Every time we got a check in, my sales manager would make us go from desk to desk showing it off to my fellow sales colleagues. It was a real hard-core sales environment. It was reminiscent of movie The Wolf of Wall Street. This scene of Leonardo Di Caprio closing his first sale over the phone was eerily similar to our sales environment.
You can watch the video here: https://youtu.be/RauYoB0I9q4
Except we weren’t selling fraudulent stocks – we were selling very effective, aggressive, outbound lead generation services.
I was regularly one of the top three sales reps each month. Everybody on the sales team knew where everybody else stood. The sales managers installed a leader board on the main wall of the sales floor with the names of all 10 “sales dogs” (as they called us), with our position and sales for the month. There was no doubt who was at the top of the list, and who was at the bottom. Talk about peer pressure!
I was good. Very good. But that was the mid to late 1990s, and the internet was just starting to become a major factor in sales and marketing.
Fast-forward to 2007, about a decade later. I was on the sales team at a software company that sold data integration applications to mid-sized companies. I thought, “This is going to be a piece of cake. I’m just going to use my usual bag of phone tricks and close tons of deals.”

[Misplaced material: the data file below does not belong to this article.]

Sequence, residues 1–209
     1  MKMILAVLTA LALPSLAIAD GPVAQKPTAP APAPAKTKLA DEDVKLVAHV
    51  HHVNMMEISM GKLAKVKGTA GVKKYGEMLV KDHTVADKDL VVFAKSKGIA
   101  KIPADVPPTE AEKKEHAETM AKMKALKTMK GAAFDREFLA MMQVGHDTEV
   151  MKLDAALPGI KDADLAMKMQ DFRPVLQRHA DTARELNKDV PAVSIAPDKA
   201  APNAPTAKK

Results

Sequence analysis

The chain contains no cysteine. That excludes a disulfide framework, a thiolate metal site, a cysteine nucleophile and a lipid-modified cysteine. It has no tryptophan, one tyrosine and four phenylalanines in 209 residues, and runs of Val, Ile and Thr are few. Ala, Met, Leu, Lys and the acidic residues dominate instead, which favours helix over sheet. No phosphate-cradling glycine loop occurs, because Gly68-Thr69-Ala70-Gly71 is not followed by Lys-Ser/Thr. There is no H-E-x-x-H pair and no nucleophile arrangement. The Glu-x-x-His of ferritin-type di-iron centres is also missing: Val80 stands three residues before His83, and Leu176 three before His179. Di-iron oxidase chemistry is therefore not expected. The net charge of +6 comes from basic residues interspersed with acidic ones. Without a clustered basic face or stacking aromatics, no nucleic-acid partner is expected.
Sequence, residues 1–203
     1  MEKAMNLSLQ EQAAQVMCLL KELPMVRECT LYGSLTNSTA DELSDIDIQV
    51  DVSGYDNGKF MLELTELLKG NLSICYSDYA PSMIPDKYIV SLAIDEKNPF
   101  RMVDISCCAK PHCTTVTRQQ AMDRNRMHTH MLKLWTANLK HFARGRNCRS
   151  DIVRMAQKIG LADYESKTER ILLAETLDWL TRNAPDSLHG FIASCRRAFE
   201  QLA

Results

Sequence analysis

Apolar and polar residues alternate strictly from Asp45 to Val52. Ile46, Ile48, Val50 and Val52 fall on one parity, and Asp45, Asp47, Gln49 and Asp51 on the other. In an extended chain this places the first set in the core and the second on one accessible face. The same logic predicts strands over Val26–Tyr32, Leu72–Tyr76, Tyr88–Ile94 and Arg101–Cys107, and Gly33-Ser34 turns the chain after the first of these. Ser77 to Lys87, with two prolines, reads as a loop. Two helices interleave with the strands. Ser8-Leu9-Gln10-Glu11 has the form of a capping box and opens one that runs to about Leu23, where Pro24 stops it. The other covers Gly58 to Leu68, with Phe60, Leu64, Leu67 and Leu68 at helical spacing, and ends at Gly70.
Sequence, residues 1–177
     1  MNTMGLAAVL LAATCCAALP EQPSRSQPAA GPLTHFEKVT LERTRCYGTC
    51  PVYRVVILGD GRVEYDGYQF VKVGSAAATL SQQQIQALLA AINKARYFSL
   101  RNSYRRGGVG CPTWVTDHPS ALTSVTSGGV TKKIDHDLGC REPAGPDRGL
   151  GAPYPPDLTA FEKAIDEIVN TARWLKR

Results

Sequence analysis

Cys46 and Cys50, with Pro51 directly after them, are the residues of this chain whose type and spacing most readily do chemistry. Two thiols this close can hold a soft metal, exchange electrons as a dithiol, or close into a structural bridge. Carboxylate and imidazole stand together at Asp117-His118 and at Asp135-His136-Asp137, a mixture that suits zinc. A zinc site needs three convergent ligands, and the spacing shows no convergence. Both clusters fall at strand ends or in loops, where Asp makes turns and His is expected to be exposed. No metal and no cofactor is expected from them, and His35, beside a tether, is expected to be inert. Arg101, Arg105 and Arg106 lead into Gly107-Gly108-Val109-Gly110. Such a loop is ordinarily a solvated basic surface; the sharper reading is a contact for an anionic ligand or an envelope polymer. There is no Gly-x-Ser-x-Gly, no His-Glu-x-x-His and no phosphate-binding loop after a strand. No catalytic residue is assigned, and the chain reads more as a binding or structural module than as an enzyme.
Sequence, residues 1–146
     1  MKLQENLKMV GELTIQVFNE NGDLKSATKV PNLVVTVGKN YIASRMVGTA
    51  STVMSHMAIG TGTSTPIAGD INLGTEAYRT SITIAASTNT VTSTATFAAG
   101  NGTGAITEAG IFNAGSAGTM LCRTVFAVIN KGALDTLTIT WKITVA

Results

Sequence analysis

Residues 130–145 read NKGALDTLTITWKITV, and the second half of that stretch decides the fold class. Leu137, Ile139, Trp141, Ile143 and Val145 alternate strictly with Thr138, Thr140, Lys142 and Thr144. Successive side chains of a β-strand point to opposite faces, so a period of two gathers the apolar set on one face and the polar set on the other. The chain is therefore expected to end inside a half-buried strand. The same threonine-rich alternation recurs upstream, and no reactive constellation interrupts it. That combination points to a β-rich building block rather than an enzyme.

Except it didn’t happen. Nobody answered their phones. Nobody returned my calls. My pipeline was close to empty. That was around the same time I started blogging, thank God. If I hadn’t picked up my new content marketing skill, I’d probably be a barista at Starbucks right now (not to knock on Starbucks baristas – they’re some of my favorite people!).
It seemed like cold calling had died a sudden death, and the killer was technology. Voicemail. Email. Smartphones. Text messaging.
I even wrote about the death of cold calling in my first blog as an independent consultant. I received a lot of comments and emails as a result of that post, mostly from phone reps in Spanish-speaking countries asking for advice about what they could do now that cold calling was dead!
Now I feel guilty about writing that article, because cold calling is back. With a vengeance.
In his book Fanatical Prospecting, Jeb Blount declares triumphantly: “The statistics don’t lie. We see between a 15 percent and 80 percent contact rate on the phones depending on the industry, product, and role level of the contact.”
Blount says that teleprospecting, the politically correct term for cold calling, gets higher response rates than email, and is “light years” higher than social prospecting!
“It gets better. We have stats on phone prospecting going back to the early 1990s, and we are seeing clear trends that contact rates via phone have actually risen by around 5 percentage points. We don’t know the exact reason why more prospects are answering their phones, but we suspect three drivers: